When two incompatible images are shown separately to each eye, a perceptual process known as binocular rivalry occurs by which the two images compete for awareness. The site of competition for binocular rivalry has been a topic of debate, and recent theories are that it may occur either at low levels of the visual system where the inputs from the two eyes are combined or at high levels of the visual system where the two images are processed. One of the major pieces of evidence for a high-level image account of rivalry is a phenomenon known as stimulus rivalry, in which two competing stimuli are swapped between the eyes at 3 Hz. However, there is little available neurophysiological evidence for a neural substrate for this high-level competition. Here, we used frequency tagging of two competing stimuli in binocular rivalry and stimulus rivalry in humans to evaluate whether the steady-state visually evoked potentials (SSVEPs) show similar signatures of neural competition for both conditions. We found that flickering the stimuli generates spectral power at the tagged frequencies in both types of rivalry in the early visual cortex. We then quantified dynamic signatures of competition by tracking amplitude changes in the frequency tags, which showed that both types of rivalry colocalized in occipital regions of the cortex. Thus, contrary to our hypothesis that stimulus rivalry was being mediated by high-level competition between the images, we find that neural competition measured by the SSVEP instead suggests that the sites of competition for stimulus rivalry and binocular rivalry may similarly include the occipital pole and middle temporal gyrus (hMT+/V5) of the visual system, consistent with a lowlevel, binocular interpretation.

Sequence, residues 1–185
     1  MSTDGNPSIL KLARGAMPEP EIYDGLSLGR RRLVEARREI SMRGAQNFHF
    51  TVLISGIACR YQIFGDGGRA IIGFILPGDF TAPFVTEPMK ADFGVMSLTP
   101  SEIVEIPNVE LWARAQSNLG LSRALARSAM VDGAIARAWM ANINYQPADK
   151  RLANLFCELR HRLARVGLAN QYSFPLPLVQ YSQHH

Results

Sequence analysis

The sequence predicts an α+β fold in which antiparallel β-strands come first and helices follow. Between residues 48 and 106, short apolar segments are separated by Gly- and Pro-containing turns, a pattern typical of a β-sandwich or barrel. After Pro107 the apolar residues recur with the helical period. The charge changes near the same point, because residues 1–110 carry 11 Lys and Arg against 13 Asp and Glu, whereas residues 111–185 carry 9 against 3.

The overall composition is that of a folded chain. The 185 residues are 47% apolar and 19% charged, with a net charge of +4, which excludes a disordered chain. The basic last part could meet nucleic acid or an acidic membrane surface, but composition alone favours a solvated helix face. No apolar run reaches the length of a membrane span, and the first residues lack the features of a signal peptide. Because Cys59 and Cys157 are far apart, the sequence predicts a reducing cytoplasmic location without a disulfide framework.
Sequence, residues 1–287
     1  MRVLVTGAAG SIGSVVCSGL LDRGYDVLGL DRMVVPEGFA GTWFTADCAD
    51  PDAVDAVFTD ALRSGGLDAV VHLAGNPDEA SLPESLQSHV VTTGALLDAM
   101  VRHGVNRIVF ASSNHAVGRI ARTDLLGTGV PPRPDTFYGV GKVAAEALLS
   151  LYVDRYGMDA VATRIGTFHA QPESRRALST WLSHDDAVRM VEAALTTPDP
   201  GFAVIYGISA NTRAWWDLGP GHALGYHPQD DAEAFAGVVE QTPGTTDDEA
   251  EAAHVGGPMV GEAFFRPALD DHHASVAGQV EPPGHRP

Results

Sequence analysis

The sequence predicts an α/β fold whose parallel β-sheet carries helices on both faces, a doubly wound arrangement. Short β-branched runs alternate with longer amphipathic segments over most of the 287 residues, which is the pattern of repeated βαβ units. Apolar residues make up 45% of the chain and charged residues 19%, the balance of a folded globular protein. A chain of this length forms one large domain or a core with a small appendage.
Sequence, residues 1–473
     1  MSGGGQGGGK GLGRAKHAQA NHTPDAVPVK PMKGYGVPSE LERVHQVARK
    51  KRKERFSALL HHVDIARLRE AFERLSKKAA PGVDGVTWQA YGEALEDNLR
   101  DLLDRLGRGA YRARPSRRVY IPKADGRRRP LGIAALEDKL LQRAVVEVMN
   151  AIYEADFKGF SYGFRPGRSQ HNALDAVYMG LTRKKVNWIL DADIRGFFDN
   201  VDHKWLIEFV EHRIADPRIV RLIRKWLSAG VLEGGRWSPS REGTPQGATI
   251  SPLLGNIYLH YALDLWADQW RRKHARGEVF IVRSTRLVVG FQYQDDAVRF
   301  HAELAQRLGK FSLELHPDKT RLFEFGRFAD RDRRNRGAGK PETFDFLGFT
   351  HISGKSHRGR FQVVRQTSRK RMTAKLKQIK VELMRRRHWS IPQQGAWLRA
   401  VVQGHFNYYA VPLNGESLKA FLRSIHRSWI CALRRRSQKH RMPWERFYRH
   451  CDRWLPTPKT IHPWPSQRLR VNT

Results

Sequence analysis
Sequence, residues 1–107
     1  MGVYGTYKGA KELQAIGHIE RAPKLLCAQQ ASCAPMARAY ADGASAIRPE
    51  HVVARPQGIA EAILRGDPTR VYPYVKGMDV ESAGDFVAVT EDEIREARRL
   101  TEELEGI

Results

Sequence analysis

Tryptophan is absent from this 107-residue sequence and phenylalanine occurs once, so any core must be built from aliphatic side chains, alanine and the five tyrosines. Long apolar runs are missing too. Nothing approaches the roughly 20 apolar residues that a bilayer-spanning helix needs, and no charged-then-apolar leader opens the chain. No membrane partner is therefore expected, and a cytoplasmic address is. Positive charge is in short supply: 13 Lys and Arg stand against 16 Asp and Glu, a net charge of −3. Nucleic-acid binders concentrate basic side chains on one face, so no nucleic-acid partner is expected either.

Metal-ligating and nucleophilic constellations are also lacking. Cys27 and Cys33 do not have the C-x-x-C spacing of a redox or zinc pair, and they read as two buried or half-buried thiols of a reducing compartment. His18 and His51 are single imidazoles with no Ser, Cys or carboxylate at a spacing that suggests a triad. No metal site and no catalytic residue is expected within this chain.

Bibliographical noteFunding Information:
This work was supported in part by NIH EY023101 and NSF DGE-1069104.